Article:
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Philmont Crew and CVTU too!

Updated: Sep 15, 2022

Troop 270 has worked with CVTU- the Candlewood Valley chapter of Trout Unlimited- for many years picking up Christmas trees from people’s houses every January and bringing them to the organization for use in river conservation projects.


Until this year, that’s where the troop’s involvement ended. This July, eight scouts and four adult leaders formed a crew to go backpacking at Philmont Scout Ranch in New Mexico. To fulfill required conservation hours for that trip, we saw a great opportunity to work with CVTU and to go full circle with the Christmas trees, from driveway pickup to completed conservation project.


In March, CVTU Acting Vice President Neil Baldino took our crew to several sites on the Pootatuck River and Deep Brook here in Newtown to learn what the organization did.

Over the years with erosion and urban development, the rivers have become wider, shallower, and slower which all lead to water that is too warm and unprotected for the trout to successfully reproduce. In a technique called “conifer revetment bank stabilization,” old Christmas trees are anchored to the side of the river bank to trap sediment. By doing so, land is added to the bank which narrows the river and speeds up the current, leading to cooler and better oxygenated water so it is a good breeding ground for trout.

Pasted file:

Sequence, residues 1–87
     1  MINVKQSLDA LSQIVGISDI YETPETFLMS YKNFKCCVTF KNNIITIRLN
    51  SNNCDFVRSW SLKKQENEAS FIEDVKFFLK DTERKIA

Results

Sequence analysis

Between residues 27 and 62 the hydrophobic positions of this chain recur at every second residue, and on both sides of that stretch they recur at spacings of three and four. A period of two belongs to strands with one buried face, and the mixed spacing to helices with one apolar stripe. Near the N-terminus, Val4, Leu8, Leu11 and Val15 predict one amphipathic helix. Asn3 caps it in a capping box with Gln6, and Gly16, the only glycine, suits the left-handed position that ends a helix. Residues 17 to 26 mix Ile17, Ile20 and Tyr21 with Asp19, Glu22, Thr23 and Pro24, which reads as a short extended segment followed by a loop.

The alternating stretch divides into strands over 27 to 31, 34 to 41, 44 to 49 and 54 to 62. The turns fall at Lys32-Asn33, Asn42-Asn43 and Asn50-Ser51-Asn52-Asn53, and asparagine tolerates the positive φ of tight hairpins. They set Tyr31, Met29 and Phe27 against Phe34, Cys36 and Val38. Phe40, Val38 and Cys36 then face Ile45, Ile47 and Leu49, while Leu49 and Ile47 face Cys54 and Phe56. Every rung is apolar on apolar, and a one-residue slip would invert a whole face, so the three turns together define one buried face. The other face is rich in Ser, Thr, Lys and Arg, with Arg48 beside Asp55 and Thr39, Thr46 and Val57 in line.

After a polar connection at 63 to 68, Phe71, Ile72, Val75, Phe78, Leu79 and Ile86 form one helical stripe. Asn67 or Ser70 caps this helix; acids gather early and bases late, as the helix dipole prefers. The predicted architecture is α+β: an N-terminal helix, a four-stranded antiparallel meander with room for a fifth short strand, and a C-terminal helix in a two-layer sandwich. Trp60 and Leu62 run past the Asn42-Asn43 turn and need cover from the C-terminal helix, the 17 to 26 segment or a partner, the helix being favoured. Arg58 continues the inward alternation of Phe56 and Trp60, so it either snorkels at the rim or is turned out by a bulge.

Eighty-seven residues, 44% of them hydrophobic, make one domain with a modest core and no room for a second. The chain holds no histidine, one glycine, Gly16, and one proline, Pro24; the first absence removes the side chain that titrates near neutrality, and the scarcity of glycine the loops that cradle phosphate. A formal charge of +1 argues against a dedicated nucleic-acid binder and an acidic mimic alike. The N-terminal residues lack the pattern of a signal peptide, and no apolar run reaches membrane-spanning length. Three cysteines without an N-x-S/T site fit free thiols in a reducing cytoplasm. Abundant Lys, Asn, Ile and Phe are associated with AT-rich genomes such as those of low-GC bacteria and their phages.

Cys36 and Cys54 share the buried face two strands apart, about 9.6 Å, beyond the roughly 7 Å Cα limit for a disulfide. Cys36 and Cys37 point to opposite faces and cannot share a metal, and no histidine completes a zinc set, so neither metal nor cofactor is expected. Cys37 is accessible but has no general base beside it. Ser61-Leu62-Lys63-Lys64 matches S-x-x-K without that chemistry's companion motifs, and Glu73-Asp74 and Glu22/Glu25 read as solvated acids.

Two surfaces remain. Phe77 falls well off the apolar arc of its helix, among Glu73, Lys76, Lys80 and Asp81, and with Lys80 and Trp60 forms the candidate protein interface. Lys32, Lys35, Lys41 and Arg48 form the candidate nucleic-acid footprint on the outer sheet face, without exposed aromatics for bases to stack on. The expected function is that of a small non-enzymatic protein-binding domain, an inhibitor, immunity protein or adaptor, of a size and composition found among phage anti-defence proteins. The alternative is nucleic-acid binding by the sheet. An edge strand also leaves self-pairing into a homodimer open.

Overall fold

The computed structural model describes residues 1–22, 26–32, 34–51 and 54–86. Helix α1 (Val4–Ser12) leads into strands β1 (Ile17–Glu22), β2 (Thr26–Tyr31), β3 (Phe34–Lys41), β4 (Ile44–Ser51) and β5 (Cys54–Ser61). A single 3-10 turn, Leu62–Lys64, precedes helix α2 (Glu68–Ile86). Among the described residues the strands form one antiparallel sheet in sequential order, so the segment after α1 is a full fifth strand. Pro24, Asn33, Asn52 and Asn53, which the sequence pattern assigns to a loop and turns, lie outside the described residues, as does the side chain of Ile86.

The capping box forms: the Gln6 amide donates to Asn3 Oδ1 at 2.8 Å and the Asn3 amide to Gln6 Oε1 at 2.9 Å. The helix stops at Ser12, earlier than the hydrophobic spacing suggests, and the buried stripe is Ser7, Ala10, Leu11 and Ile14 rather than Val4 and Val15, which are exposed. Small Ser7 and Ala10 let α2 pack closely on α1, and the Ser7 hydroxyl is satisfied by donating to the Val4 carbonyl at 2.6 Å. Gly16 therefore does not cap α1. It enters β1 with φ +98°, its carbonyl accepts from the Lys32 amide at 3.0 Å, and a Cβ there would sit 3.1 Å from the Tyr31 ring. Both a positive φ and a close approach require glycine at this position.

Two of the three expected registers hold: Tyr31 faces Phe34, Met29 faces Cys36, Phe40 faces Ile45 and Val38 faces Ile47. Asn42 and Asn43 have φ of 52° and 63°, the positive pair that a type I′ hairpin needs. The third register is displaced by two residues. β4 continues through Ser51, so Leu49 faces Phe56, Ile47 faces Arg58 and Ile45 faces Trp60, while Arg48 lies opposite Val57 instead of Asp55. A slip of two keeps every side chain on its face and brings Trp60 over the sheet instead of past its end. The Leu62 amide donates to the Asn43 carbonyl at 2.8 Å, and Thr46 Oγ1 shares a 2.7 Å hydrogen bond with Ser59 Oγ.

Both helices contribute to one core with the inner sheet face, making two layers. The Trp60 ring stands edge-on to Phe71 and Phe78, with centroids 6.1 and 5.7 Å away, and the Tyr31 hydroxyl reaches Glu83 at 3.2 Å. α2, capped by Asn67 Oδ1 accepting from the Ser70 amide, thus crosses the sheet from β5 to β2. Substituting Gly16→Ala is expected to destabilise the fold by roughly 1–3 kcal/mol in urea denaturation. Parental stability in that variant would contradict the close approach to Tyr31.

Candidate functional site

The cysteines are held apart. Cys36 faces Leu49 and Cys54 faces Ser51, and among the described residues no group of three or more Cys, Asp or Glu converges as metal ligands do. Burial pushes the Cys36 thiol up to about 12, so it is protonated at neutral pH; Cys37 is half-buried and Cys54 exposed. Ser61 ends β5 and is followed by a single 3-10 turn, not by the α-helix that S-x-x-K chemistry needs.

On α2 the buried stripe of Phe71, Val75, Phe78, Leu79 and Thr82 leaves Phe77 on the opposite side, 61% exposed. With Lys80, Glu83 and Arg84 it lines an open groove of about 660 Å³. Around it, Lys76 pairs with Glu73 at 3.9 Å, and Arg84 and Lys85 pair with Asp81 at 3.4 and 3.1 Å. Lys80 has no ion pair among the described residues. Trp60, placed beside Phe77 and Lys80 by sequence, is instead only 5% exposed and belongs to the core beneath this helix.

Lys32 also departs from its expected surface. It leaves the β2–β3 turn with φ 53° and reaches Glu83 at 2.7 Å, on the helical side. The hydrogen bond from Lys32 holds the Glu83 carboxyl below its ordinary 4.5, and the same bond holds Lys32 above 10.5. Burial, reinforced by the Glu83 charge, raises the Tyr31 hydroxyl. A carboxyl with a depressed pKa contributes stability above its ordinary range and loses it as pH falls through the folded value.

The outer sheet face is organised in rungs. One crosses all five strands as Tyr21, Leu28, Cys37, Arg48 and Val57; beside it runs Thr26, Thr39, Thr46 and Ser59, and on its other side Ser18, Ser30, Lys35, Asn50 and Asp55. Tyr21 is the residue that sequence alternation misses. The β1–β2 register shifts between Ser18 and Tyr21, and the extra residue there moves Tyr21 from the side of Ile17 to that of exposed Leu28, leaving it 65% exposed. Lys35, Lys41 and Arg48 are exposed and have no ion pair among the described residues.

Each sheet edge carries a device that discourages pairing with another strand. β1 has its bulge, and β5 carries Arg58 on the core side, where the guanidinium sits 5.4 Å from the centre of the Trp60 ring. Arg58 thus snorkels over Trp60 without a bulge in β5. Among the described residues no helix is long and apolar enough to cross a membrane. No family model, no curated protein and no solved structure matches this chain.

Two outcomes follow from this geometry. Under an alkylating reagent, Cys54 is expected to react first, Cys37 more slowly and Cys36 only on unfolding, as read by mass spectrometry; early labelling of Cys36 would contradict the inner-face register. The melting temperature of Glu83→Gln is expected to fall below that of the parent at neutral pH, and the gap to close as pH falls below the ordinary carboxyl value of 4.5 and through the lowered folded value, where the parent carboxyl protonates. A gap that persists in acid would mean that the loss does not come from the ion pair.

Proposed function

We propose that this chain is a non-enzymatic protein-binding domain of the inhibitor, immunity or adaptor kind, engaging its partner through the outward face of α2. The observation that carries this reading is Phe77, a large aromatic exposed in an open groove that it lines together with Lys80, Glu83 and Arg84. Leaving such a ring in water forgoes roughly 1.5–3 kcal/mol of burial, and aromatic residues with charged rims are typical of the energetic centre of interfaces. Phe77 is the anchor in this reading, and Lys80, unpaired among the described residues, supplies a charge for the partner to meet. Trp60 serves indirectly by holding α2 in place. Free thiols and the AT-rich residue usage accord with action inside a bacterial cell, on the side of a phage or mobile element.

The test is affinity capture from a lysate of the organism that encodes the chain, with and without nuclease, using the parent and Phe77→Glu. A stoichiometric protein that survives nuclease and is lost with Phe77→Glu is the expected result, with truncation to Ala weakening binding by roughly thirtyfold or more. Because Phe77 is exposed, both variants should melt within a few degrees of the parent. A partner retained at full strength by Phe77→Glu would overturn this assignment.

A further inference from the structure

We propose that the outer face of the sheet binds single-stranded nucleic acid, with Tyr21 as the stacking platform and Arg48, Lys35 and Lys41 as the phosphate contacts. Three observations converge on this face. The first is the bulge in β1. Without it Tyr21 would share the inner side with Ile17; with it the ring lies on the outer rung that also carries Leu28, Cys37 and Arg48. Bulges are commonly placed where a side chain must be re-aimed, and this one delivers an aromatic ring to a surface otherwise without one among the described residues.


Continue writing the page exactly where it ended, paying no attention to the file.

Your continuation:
In April, we began work by taking about 150 Christmas trees that our troop had collected in January and moving them to several sites along the river.




Then in May we came back and installed the trees into the rivers along the river bank. To attach the trees, we hammered in metal anchors attached to wires, then secured the trees to the wire with rope, sometimes tying our knots blindly underwater.



Overall, it was a lot of work but it was very enjoyable and Troop 270 is going to help CVTU in the future as well.

After the recent heavy rains, Mr. Baldino went back to survey the conifer revetments we installed. The sites were largely to completely submerged, building up sediment and we hope narrowing the river very effectively and quickly.




All of this work has been put in and we are already seeing the results. Now, the river will be a better place for trout to reproduce and Troop 270 will be doing this again in the future

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